When we think of musical composers, there are certain names that typically come to mind. Beethoven; Bach; Chopin; Handel. These composers are legendary, no doubt, but isn’t it time to celebrate the diversity in the industry?
Between historical icons and modern legends in the making, these are just some of the many Black composers that should be on your radar.
Back in 1933, Florence Price made history when she became the first African-American to have her music performed by a major symphony orchestra. After the Chicago Symphony Orchestra’s performance, critics called her “Symphony No. 1” a “faultless work.” Inspired by European Romantic composers, Price also brought a new twist to her compositions. Apart from being talented, the Arkansas-born composer was also very religious. As a result, she brought a touch of African-American church music into her work.
An accomplished composer, George Walker was the first African-American to win a Pulitzer Prize for Music in 1996. His shining accomplishment at this time? Lilacs, which made use of the iconic Walt Whitman poem “When Lilacs Last in the Dooryard Bloom’d.” This wasn’t Walker’s first brush with being a history-maker though: he was also the first black musician to play New York’s Town Hall, among other firsts.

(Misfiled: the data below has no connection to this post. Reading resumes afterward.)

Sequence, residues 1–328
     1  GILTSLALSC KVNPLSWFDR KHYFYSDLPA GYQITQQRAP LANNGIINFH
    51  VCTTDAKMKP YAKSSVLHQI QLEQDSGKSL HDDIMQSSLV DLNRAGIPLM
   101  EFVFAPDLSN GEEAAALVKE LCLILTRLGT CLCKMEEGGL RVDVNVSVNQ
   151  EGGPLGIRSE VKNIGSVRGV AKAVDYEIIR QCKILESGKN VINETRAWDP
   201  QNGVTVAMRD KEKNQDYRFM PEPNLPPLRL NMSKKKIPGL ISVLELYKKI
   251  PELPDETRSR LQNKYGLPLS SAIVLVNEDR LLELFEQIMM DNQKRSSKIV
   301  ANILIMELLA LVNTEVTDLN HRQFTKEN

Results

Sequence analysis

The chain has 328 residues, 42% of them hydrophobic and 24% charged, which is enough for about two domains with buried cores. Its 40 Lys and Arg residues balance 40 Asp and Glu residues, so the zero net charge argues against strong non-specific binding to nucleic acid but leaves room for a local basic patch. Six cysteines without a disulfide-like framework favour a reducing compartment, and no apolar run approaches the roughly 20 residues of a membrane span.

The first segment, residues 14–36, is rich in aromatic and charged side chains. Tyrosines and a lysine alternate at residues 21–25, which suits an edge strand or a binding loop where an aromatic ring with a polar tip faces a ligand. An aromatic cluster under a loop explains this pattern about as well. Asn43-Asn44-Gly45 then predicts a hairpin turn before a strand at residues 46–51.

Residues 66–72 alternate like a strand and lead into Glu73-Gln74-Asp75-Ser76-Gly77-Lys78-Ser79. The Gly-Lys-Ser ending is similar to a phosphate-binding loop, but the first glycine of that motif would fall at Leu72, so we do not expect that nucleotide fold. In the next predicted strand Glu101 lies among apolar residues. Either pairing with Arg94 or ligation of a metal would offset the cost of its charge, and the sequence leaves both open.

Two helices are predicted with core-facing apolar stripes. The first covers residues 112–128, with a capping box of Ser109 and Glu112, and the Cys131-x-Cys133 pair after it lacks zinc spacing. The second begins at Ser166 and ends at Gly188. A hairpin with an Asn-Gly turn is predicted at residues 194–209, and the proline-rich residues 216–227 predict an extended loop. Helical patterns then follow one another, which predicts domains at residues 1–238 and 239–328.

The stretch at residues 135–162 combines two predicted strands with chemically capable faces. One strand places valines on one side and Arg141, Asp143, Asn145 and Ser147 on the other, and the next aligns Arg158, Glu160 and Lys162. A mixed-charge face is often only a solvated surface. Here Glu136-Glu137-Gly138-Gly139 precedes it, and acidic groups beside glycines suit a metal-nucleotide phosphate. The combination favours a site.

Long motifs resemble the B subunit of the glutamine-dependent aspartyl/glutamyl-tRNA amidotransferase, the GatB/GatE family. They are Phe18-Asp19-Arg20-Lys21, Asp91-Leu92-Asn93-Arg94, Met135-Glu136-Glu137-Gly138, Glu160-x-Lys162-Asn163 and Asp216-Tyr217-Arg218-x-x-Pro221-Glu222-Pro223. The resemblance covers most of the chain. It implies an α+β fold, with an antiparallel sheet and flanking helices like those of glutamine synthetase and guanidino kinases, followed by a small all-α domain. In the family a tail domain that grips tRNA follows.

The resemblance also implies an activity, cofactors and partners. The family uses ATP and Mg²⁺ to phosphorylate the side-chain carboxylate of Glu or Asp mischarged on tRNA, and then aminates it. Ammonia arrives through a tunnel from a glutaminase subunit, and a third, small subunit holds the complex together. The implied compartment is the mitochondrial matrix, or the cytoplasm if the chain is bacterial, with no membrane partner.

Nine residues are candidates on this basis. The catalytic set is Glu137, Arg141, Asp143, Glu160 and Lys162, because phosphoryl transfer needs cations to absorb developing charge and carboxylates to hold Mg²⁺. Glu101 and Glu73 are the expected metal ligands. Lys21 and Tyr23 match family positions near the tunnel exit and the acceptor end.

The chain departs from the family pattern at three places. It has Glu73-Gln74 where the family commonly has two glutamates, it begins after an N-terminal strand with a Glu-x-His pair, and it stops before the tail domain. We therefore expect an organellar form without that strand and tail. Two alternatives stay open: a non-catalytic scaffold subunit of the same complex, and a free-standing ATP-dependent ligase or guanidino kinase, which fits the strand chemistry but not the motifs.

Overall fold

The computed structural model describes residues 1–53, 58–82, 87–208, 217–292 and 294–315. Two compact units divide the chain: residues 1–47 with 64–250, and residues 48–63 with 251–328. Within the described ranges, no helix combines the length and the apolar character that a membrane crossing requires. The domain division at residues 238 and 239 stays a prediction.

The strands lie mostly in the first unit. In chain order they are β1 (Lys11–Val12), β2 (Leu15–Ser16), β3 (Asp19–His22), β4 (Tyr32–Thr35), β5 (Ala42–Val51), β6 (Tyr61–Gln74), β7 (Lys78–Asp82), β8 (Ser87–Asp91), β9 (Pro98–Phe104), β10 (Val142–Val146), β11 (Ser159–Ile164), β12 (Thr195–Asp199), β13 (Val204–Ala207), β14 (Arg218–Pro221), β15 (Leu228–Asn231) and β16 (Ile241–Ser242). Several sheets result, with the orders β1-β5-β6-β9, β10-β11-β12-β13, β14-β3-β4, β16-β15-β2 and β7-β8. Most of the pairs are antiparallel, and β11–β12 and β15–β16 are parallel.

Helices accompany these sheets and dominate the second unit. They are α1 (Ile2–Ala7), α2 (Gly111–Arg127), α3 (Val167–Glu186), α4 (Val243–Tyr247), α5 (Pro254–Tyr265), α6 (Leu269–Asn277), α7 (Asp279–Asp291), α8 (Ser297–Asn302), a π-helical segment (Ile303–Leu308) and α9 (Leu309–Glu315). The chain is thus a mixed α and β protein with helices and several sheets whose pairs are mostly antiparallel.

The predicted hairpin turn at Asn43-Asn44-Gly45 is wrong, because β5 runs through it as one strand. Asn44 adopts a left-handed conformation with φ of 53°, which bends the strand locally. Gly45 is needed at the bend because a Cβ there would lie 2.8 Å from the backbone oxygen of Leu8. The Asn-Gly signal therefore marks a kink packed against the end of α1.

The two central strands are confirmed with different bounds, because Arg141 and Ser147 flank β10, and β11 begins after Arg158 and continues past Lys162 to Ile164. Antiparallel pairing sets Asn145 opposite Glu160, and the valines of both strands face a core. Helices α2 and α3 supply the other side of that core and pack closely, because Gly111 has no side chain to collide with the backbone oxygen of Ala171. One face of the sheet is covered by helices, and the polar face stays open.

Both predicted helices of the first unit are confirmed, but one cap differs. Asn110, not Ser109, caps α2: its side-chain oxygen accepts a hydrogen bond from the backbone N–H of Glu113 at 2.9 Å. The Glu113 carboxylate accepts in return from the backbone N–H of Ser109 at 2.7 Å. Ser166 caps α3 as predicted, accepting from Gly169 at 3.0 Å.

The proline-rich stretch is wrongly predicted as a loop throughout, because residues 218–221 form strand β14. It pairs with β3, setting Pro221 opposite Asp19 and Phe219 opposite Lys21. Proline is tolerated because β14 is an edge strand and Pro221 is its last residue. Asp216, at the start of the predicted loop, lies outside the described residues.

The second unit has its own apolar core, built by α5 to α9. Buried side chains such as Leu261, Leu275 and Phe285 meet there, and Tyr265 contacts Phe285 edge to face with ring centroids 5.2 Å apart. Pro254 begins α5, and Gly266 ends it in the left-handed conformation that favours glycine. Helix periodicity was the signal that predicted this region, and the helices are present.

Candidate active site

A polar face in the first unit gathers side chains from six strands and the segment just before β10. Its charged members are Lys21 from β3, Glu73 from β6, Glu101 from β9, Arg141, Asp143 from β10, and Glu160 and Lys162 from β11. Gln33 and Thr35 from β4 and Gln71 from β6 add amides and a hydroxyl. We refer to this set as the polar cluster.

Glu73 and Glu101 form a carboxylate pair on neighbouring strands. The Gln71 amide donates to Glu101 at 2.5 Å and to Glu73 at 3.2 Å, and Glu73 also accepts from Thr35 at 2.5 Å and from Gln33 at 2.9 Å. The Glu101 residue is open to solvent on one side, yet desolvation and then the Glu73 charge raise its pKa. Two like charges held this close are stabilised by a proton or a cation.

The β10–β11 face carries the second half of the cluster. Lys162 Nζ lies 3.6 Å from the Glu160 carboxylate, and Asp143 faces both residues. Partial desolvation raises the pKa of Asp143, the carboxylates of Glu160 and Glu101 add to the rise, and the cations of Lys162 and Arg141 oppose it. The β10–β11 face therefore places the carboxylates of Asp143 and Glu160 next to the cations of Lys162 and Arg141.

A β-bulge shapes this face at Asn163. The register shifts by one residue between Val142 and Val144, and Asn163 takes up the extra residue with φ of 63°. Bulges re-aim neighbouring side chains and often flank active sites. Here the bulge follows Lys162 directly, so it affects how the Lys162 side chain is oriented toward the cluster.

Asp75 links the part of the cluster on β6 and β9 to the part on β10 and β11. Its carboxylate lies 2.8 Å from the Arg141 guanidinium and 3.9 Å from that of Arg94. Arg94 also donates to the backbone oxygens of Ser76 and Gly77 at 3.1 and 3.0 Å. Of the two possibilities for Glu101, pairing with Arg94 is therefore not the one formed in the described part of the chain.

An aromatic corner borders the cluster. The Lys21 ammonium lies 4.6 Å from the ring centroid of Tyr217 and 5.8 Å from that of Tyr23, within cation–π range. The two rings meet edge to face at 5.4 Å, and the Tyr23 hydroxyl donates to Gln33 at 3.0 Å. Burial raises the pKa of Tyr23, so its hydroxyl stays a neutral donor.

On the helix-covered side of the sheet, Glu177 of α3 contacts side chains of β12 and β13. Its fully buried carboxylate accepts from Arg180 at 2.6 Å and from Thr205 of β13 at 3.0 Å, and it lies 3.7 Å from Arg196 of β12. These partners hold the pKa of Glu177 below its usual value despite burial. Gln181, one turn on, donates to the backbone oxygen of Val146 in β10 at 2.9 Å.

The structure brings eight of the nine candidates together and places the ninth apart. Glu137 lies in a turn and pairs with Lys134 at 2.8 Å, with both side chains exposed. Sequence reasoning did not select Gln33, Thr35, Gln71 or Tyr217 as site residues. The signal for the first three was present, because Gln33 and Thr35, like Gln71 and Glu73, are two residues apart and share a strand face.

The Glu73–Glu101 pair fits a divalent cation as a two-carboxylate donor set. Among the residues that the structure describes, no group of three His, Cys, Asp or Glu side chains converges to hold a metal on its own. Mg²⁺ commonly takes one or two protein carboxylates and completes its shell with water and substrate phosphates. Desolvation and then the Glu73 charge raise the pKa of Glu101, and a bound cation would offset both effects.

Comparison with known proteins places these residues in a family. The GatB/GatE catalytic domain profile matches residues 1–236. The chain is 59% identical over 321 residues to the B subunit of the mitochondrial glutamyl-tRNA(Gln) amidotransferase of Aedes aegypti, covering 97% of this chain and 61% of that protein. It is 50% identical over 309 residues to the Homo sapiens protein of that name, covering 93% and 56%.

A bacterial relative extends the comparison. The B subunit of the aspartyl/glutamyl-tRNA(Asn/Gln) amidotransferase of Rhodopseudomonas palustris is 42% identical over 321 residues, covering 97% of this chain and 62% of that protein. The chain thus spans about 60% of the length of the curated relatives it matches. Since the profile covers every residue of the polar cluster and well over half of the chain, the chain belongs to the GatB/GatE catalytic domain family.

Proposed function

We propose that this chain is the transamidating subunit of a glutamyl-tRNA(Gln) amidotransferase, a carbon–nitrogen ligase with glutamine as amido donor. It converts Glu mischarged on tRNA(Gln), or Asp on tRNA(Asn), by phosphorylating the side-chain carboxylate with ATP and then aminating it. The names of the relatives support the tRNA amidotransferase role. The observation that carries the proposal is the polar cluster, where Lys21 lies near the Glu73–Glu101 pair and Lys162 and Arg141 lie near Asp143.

Jazz composers deserve love too! Born in 1961, Wynton Marsalis made waves in 1997 when he became the first jazz musician to win the Pulitzer Prize for Music for his oratorio “Blood On The Fields,” just a year after George Walker’s win. His compositions are notable for their mix of jazz, gospel, and spiritual influences.
At just 23, Omar Thomas became the Assistant Professor of Harmony at the Berklee College of Music in Boston, a massive achievement at such a young age. Since then, he has taken the music world by storm with his compositions, which are largely for big band and wind ensembles. He also isn’t afraid to take a stance: his work often includes themes of racial experience and LGBTQ+ equality. “Of Our New Day Begun” is a perfect example of this.
Nkeiru Okoye is an interesting type of composer, who prefers to write about historical events and people. She is perhaps best known for her opera, “Harriet Tubman: When I Crossed that Line to Freedom,” which dramatizes Tubman’s personal life, but Okoye also received acclaim for “Black Bottom,” her 2020 interactive concert production celebrating the 100th anniversary of Detroit’s Orchestra Hall.
Did we miss your favorite composer? Drop their names in the comments!